Most of my poems are just a bit of fun. The ones people know of anyway – the ones I’ve come to recite on St Andrew’s or Burns’ nights. However, now and then I’ll write a poem just to get emotions and thoughts out of my head and down onto virtual paper. Doing so is a release of mental pressure and I’ve a folder full of “abandoned”, incomplete verses that have spilled out of my mind at various times but were too personal or painful to either complete or share.
One that hasn’t seen the light of day is If I Had Known, which I wrote in early November 2021. In the space of 18 months I’d dealt with the loss of various people from my life. I’m not going to name names but they were people who were special to me, people whose lives had been intertwined with my own for varying lengths of time. Yet for one reason or another, I’d lost them.
Emotional pain from a sense of loss is immediately jarring, like being startled by a sudden loud noise and only being able to escape the echoes when there’s distance from the source. In the poem, I tried to capture my feelings at the loudest point, so that I might be able to measure the change as the echoes fade over time.
That said, reading it back even four months on makes me wince a little. I’m still bruised from a couple of years of seemingly relentless emotional trauma, with the backdrop of the global covid-19 pandemic making life feel like a nightmare I’m only just now waking up from.
Writing this poem was like drawing a line in the sand from an emotional perspective. I had to acknowledge the hurt, tuck it safely in a folder and try to move on. For World Poetry Day 2022 I thought I’d take it out and publish it here instead of hiding it away. I’m not sure why. Perhaps as part of the healing process. I hope it resonates with someone else.
For World Poetry Day 2017 I thought I’d share this poem I wrote in October 2016. The idea came to me after a silly conversation with Crazy Uncle John when we’d had a few whiskies. We were talking about the future, in a science fiction/march of progress sense, and he said something to the effect of; “Some day, robot dugs will be commonplace!”
As you can imagine I practically laughed ’til the wee ran down my leg, because it struck me immediately how absurd it would be if that became a reality! But then, there are many examples over the years of how the advance of technology has brought us things that weren’t really needed.
On Friday the 13th of January 2017 I attended my first Burns Supper of the season, hosted by Helensburgh Burns Club. I will complete my third year as secretary for the club in May and, as we draw performers from a selection of guests and from within the club, that meant I was invited to do “whatever I liked” by this year’s president, Geoff.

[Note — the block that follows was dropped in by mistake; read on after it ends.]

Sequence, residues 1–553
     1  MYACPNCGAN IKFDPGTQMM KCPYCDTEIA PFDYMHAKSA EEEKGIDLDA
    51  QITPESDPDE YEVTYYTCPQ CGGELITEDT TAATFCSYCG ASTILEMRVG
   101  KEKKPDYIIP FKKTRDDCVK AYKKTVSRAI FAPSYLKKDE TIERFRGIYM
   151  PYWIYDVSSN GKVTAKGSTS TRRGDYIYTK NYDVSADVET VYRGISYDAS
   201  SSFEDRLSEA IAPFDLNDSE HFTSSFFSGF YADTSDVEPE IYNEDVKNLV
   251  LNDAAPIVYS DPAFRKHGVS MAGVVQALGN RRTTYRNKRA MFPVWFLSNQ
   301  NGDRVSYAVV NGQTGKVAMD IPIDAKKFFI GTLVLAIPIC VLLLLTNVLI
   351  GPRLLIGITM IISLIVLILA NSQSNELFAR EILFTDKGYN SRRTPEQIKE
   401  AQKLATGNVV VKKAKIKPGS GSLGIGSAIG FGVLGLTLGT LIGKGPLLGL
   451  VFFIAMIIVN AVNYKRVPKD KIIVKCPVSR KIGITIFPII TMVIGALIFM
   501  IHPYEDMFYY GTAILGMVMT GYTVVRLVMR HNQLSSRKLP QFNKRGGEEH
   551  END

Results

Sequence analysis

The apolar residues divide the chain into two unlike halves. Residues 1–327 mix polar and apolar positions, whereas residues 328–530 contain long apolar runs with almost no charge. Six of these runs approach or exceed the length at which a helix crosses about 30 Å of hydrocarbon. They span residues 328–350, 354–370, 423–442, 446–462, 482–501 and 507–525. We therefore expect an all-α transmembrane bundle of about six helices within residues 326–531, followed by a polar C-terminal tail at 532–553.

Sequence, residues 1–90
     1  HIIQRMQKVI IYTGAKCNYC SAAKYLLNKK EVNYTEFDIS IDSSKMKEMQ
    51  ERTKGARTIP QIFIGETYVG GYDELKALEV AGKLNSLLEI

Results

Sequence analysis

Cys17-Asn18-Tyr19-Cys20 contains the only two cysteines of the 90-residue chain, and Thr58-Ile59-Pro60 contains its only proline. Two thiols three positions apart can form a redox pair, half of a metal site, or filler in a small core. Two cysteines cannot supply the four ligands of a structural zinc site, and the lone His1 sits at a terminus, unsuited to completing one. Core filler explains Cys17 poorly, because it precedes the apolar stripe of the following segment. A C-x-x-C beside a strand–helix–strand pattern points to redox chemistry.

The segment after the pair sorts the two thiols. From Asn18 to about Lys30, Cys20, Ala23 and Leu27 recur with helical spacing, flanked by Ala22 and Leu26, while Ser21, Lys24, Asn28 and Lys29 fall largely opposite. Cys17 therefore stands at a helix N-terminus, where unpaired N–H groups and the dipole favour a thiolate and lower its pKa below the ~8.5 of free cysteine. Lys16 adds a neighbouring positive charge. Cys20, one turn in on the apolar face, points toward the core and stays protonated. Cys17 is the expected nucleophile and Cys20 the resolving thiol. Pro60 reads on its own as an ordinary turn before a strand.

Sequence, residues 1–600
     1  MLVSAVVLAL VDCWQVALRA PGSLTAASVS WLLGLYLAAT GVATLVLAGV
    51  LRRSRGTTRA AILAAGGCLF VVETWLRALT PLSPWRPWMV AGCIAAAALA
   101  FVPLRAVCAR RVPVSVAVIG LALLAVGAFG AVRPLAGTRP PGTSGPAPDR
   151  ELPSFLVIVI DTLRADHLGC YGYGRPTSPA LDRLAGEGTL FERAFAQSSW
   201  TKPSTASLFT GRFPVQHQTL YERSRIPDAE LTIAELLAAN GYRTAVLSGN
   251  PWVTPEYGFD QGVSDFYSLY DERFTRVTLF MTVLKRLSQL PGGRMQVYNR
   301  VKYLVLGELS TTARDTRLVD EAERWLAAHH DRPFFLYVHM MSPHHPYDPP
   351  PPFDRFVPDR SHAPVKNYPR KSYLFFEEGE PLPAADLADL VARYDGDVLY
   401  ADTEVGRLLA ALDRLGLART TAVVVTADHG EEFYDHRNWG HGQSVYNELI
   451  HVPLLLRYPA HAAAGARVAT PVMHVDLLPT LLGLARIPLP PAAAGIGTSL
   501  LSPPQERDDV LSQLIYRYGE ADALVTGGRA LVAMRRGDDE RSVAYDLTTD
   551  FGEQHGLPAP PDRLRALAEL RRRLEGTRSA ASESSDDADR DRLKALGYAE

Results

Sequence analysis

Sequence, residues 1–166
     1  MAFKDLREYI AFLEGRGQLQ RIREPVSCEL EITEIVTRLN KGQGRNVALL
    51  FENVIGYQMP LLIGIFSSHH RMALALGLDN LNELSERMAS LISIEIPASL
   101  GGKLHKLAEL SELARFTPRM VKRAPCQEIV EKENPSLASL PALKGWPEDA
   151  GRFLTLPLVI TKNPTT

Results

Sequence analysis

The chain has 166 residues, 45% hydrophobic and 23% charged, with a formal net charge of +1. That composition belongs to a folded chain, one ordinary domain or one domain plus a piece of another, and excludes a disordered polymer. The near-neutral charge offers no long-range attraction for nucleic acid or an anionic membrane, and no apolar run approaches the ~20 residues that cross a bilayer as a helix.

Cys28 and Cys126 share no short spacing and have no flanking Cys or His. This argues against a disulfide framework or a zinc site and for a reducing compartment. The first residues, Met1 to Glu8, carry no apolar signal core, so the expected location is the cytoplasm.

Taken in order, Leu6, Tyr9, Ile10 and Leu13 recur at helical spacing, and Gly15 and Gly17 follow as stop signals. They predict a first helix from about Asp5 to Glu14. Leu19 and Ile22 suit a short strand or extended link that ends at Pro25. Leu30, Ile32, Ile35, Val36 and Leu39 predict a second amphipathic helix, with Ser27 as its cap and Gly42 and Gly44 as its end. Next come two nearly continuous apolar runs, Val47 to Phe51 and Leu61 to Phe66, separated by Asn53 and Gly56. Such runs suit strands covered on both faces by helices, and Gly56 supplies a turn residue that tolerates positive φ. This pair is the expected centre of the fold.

That’s quite an open remit, but when I was asked earlier the previous year I had a good idea of what I would like to perform. The first Burns’ poem that I learnt was To a Mouse and I have always been fond of it. In early 2016 I had the idea of writing a reply on behalf of the titular mouse and this eventually became my poem, Fae a Mouse. So that and the work that inspired it became the core of what I would do and as fortune would have it, with our club supper being so close to the festive season, I could open with I’m Really Glad Xmas Is Over which I had written during the festive season of 2015.
At our St Andrew’s Night I had to read the poems I performed because I just wasn’t confident enough in my ability to recite them off by heart. The fact I did drew some gentle criticism which I happily accepted. I really had no excuse for not learning my own poems properly!
This time around I had put a lot more practice in and could probably have done all three without any cues. That’s tempting fate when you’re drinking though, so I printed my two out and put extra effort into getting To a Mouse learned. In the event I stumbled once on that one – it was going so well it seemed too good to be true, so I checked I was doing okay with one of our past presidents!
I received some really good feedback on my poems. A couple of people asked for copies and a lady who is performing at the Edinburgh Fringe asked for a copy of Fae a Mouse because she wanted to use it there.
I couldn’t be much happier with how my part of the night went. It’s both rewarding and a relief when you perform something you’ve written and have it be so well received.